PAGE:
7. Put the latke on the frying pan, and then press it thinner using the back of a metal spatula. Cook latkes in batches to avoid crowding the pan. Allow to fry for a 4-6 minutes on each side, until golden. Press them with a spatula again after flipping. Serve piping hot, topped with Lemon & Garlic White Bean Spread.

NOTE: Small, tender summer squashes tend to have less water in them, and are particularly well suited to this recipe. If you have a large, watery squash, be certain to follow the instructions in step #1 carefully to remove excess liquid.  This ensures your final latke retains its crisp texture!

Lemon & Garlic White Bean Spread

1-2 tbsp olive oil
2 cloves garlic, chopped
1 15 oz. can great northern beans, drained and rinsed
2 tbsps lemon juice
1 tbsp ketchup
3 tbsp water
1/4 tsp salt (or to taste)
black pepper, freshly ground

1. In a small frying pan, heat the olive oil over medium-low heat. Add garlic and fry for 2 minutes, until it starts to turn very lightly golden.
2. In a food processor, combine beans, lemon juice, ketchup, water, salt and pepper. Spoon the oil and garlic into the processor. Whir until smooth.

NOTE: You will have to trust me on the addition of ketchup. It adds a lovely sweetness to balance the lemon flavor, and it doesn’t overpower the spread one bit.

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12 thoughts on “Zucchini and Beet Potato Latkes

  1. Woohoo for vegan latke success!

    I’ve seen beet pancakes referred to as rösti or roesti although that’s simply the Swiss word for potato pancake.

    I might try frying up a pancake with beet stems!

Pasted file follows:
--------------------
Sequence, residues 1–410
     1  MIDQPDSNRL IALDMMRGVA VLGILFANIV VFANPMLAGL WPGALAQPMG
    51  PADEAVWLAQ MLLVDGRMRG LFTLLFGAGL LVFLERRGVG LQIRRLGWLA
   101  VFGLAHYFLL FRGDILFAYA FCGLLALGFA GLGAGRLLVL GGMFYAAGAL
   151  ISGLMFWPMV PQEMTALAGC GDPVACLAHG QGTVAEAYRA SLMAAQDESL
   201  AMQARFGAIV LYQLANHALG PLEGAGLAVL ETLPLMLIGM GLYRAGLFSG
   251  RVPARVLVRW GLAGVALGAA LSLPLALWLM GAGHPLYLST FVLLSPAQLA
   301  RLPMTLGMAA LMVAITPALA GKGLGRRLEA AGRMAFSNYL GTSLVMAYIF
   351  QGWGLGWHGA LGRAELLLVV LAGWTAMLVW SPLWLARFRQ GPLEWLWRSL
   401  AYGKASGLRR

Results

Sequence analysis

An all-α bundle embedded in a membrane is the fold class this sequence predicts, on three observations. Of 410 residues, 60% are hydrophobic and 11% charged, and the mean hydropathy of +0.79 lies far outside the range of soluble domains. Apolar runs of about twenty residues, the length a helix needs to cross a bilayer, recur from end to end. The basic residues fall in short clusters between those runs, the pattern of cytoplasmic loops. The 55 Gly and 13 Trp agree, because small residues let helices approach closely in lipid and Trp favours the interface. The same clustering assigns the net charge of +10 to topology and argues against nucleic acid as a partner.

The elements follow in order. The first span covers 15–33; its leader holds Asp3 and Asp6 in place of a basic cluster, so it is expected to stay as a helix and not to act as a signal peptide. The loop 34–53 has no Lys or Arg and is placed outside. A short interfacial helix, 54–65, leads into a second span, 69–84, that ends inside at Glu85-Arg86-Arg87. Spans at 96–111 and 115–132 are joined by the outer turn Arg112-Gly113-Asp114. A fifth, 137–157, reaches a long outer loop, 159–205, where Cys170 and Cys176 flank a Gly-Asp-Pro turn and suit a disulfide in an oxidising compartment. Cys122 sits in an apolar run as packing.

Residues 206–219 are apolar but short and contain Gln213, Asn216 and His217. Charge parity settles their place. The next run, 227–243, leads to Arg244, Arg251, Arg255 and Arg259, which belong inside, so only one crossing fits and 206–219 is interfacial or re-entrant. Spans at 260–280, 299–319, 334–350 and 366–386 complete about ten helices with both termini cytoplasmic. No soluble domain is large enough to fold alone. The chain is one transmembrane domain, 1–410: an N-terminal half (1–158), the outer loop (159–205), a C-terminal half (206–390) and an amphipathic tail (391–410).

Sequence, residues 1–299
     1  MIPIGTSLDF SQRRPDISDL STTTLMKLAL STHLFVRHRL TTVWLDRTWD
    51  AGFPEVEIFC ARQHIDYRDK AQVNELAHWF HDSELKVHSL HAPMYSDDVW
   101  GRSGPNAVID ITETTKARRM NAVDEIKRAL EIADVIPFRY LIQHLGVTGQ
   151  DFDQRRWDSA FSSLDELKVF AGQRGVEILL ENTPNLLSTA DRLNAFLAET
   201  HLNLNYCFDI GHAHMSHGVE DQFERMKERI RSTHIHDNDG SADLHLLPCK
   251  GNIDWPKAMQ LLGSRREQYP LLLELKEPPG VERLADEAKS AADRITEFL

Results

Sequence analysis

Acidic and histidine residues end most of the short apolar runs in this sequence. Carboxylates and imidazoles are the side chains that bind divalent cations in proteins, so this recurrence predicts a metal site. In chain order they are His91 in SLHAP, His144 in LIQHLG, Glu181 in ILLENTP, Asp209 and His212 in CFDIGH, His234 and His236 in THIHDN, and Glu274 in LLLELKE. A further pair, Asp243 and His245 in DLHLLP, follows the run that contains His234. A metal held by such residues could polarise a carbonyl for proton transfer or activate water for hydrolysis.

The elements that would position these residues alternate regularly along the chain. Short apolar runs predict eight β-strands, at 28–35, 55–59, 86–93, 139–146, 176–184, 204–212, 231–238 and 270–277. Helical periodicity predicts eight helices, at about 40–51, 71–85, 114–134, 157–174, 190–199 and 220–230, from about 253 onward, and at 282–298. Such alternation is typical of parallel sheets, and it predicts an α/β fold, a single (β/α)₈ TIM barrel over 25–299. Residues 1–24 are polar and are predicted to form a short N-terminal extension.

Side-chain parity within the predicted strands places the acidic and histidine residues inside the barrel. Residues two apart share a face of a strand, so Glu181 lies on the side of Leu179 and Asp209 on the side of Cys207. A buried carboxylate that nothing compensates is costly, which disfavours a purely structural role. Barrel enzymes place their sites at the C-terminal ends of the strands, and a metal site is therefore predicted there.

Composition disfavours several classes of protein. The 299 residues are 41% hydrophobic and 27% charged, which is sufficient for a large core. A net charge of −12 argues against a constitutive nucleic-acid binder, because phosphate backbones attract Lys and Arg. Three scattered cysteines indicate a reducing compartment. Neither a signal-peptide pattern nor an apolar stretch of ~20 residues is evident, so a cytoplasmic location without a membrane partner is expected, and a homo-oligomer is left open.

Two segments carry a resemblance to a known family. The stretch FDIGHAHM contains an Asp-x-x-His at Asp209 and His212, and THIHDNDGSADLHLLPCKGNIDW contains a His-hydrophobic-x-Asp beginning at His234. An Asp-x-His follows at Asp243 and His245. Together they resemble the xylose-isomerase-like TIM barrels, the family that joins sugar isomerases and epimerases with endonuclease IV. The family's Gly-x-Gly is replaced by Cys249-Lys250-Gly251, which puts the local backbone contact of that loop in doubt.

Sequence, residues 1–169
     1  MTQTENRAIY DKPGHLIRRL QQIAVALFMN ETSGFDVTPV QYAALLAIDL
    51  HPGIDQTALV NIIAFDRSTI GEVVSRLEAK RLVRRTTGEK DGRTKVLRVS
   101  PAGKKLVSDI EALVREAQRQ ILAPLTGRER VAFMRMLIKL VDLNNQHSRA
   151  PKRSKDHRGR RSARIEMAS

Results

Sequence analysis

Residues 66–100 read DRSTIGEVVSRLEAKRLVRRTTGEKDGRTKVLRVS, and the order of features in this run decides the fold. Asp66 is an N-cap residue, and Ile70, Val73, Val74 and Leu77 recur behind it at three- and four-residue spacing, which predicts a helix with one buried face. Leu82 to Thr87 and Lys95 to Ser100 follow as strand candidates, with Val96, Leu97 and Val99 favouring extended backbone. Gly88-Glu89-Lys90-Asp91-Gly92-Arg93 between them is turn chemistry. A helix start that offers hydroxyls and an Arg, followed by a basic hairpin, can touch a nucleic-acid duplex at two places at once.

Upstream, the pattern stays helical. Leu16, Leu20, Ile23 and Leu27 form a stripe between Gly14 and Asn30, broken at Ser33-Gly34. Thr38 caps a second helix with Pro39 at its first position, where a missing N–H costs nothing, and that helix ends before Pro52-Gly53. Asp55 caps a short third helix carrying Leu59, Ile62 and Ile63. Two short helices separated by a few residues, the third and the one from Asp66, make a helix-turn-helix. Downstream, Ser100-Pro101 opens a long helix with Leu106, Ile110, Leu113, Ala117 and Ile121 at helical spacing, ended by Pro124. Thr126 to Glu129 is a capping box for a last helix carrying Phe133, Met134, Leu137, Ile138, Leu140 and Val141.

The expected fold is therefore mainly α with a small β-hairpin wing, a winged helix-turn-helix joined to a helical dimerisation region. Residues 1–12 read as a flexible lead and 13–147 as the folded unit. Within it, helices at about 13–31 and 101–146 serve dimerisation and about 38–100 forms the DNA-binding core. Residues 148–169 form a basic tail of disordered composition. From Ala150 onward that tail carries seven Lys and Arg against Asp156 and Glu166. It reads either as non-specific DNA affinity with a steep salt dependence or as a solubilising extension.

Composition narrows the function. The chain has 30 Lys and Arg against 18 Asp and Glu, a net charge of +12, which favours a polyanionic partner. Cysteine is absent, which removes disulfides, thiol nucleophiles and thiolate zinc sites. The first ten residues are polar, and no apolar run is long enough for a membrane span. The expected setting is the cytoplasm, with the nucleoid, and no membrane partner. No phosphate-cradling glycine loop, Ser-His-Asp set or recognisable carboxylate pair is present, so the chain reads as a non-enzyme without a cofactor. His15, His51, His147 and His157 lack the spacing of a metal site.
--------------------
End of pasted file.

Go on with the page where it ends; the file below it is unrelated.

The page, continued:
• Thanks Justine! I didn’t know they could also be called roesti–very cool! The shredded, fried potato pancake concept is apparently widely popular across much of Western, Eastern, and Northern Europe, as well as Korea. My favorite excerpt from the Wikipedia article on “potato pancakes” is this:
      [In Sweden,] when prepared with a batter of wheat flour, milk, egg, and shredded potatoes and fried like thin pancakes, they are called raggmunk, which literally translates as “hairy doughnuts” (the grated potatoes make them look hairy).” I think I’ll call them hairy doughnuts from now on–haha!

      Let me know how the beet stem pancakes go, if you try it. :)

    • Thanks Erika! You should give it a try. If you have a food processor with shredding blade, it’s really not very much work. And you could always skip the bean spread and substitute the traditional latke accompaniments–(vegan) sour cream or applesauce–to save time.

  2. My mom just gave me a zucchini from her garden that is literally larger than my cat, and I think this is the perfect recipe for it. Growing up, we always made some zucchini and carrot flavored latkes in addition to the plain potato ones, so I can’t wait to make my first vegan latkes!

    • Hope you like(d) them Shandra! I was so happy to finally have a vegan latke recipe that works. I’ll have to figure out how to tweak it for Passover without ending up in the dense overloaded-with-matzoh-meal territory. Maybe potato starch will be sufficient to bind it? Or maybe just a tiny bit of matzoh meal? We’ll see!

    • Hi Shane,
      The beets are raw. I just peeled them, and then shredded them in my food processor. (Box grater would probably also work, but would require more elbow grease.) I hope you enjoy them!

  3. Pingback: Latkes Two Ways: Beet-Potato or Zucchini-Potato Pancakes | Eatwell Farm Latkes Two Ways: Beet-Potato or Zucchini-Potato Pancakes | Eatwell Farm… Food for the Body and Soul